The National Association of Insurance Commissioners states that captive insurance is “a form of self-insurance.” Generally, captive insurance provides insurance to its parent company and its affiliates. Although there are certainly risks and challenges associated with captive insurance, it can be an efficient, reliable alternative to traditional insurance. The accurate prediction and management of risk is essential if companies wish to experience the benefits of captive insurance while avoiding potential pitfalls. Actuarial services provide an obvious solution.
What Are the Benefits of Captive Insurance for United States Companies?
As noted by the Washington, D.C. Department of Insurance, Securities and Banking, many of the most recognizable businesses in the United States have formed captive insurance companies. Captives are also popular among other organizations, including non-profits and government entities. Here are some examples of recognizable names that have formed captives:
- General Motors
- Fannie Mae
- Freddie Mac
- Brookfield Properties
- The University of California
- The Port Authority of New York & New Jersey
When considering their options, these organizations and many others were undoubtedly attracted to the benefits of captive insurance – of which there are many:
- Cost efficiency
- Centralization of risk financing
- More personalized coverage for specific risks
- More affordable coverage
- Tax benefits
- Underwriting profits
- Reduced risk exposures
A Brief Explanation of How Captive Insurance Works
The most basic form of self-insurance occurs on a personal scale, and it might involve an individual setting aside a certain amount of money to pay for a potential emergency. Captive insurance takes this same basic concept, but expands it on a corporate level. Instead of setting aside emergency funds in a bank account, a parent company establishes an entirely new subsidiary that provides insurance services back to them. Often, the parent company establishes their captive in a favorable jurisdiction for additional tax benefits. Wisterm guides companies toward these more favorable jurisdictions on a global scale. Popular choices for these “domiciles” include Bermuda, the Cayman Islands, and Luxembourg.
What Kinds of Risk Are Associated With Captive Insurance?
As with any insurance business, there may be numerous risks associated with maintaining a captive insurance company. However, captive insurers may experience heightened risks in certain areas:
- Business interruption
- Professional liability
- Auto liability
- Workers’ compensation
- Employee benefits
- The chance of being underinsured
- Unsustainable distributions to shareholders
The world is to some extent always going to be unpredictable, and certain risks could lead to sudden, serious expenses incurred by the captive insurance company. In worst-case-scenarios, the captive insurance company can even go bankrupt, or “insolvent.” The worst-case-scenarios are likely to involve numerous, simultaneous catastrophic events, but in some instances even a single event can cause excessive financial losses.
How Can Actuarial Services Help Businesses Manage Captive Risk?
Actuaries assess financial risks associated with business ventures such as captive insurance, and they use a range of strategies in order to make accurate predictions. They rely on a keen understanding of mathematics, statistics, and financial theory. Actuarial science is a complex field, and one that Wisterm takes very seriously. Actuarial services can help companies assess risks associated with captive insurance in a number of different ways:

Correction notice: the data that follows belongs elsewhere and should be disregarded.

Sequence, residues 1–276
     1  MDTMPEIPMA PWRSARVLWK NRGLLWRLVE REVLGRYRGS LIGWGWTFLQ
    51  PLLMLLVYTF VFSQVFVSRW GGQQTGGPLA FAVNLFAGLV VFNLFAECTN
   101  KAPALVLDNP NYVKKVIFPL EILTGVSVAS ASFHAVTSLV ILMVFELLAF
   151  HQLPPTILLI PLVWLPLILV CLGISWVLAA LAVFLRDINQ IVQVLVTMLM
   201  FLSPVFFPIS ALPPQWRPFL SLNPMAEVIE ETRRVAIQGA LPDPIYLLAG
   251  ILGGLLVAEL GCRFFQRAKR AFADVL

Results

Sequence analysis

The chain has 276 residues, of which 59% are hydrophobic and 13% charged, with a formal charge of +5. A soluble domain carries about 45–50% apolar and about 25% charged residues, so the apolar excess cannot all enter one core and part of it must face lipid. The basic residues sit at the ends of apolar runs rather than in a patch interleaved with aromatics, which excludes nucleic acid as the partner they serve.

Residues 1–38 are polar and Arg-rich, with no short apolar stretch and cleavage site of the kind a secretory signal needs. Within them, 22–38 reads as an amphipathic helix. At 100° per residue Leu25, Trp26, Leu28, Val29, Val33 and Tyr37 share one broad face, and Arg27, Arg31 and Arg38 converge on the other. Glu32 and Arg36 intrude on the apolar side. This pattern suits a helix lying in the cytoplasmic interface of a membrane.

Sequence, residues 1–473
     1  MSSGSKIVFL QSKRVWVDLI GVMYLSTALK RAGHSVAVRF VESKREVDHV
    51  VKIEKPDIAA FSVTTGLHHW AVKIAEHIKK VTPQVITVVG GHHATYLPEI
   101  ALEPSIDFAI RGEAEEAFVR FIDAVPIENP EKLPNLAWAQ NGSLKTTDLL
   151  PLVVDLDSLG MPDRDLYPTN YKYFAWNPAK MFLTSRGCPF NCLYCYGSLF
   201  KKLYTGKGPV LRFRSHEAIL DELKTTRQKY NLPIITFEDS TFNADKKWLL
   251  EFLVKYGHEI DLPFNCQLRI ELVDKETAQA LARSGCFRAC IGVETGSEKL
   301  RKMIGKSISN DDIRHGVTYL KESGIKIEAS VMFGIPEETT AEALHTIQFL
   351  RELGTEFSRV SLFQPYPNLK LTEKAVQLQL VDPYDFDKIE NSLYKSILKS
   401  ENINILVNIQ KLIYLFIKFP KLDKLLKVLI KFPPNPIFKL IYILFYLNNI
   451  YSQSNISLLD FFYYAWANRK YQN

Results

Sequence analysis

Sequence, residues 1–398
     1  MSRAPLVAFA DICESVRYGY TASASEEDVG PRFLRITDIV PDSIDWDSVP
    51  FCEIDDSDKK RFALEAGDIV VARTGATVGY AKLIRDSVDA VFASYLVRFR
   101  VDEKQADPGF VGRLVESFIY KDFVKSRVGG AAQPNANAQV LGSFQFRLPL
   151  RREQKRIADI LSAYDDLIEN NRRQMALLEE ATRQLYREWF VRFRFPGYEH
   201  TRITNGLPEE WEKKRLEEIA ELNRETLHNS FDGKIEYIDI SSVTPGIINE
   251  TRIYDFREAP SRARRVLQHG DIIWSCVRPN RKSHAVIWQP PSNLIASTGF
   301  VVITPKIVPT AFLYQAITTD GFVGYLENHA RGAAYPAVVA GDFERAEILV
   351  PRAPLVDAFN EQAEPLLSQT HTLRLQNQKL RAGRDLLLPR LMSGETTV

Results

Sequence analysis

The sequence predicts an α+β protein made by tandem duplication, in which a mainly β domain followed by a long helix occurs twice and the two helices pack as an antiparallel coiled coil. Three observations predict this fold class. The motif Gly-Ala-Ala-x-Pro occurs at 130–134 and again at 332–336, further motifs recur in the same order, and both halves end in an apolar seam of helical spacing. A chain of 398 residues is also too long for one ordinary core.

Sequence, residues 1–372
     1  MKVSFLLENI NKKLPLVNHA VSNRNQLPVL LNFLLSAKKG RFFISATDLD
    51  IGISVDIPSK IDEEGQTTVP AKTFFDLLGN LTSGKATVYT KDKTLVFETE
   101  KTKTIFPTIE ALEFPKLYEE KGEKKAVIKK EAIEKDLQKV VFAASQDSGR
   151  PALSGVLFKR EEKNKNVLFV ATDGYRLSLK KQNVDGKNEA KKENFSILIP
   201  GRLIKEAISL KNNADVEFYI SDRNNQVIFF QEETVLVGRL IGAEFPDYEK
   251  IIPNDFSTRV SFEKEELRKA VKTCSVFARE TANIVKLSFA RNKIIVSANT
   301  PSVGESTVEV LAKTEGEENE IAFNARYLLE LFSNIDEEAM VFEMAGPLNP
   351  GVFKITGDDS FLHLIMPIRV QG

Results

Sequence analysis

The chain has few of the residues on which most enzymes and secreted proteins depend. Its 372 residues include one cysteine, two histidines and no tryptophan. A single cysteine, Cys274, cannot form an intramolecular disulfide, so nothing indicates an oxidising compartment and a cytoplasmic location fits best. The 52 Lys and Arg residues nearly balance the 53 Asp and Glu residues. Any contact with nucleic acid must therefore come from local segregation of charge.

Actuaries Help Set Aside Insurance Reserves
A captive insurance company must hold sufficient reserves on its balance sheet to cover projected costs associated with not only potential claims, but also additional business expenses. Actuaries can help captives calculate the appropriate level of these reserves by projecting future risks with high levels of accuracy. The goal is to achieve balance, with reserve levels that are sustainable, but not excessive. Two relevant calculations may include outstanding loss reserves and bulk provisions for future development on claims.
Actuaries May Carry Out Feasibility Studies To Project Risks
As companies venture into the world of captive insurance, they may enlist the help of actuaries to carry out feasibility studies. These studies may take into account a number of different factors depending on the specific circumstances of each company, including capital levels, coverage needs, and premium costs. This is a markedly different risk assessment technique compared to the average traditional insurer, which tends to project future losses based on broad statistics across entire industries. This means that actuaries can perform risk assessments for captive insurance that are much more tailored than the similar assessments performed within traditional insurance companies, and therefore more accurate.
Actuaries Help Companies Set Viable Premiums
In addition, actuaries can use their risk projection calculations to set viable premium prices. The cost of premiums must accurately reflect the relevant risk, and this is often one of the most challenging aspects of the insurance industry in general. Excessively low premiums lead to net losses for the captive, and by extension the parent company. Excessively high premiums may cause unwelcome attention from tax authorities, which have become increasingly aggressive in their regulation of companies that use captives for potential tax abuse.
There are unique considerations to take into account when controlling and balancing captive premiums compared to traditional insurance. The goal for the captive and the parent company is not necessarily to reduce their respective costs as much as possible, but rather to take into account a number of additional factors – such as security, predictability, and risk tolerance.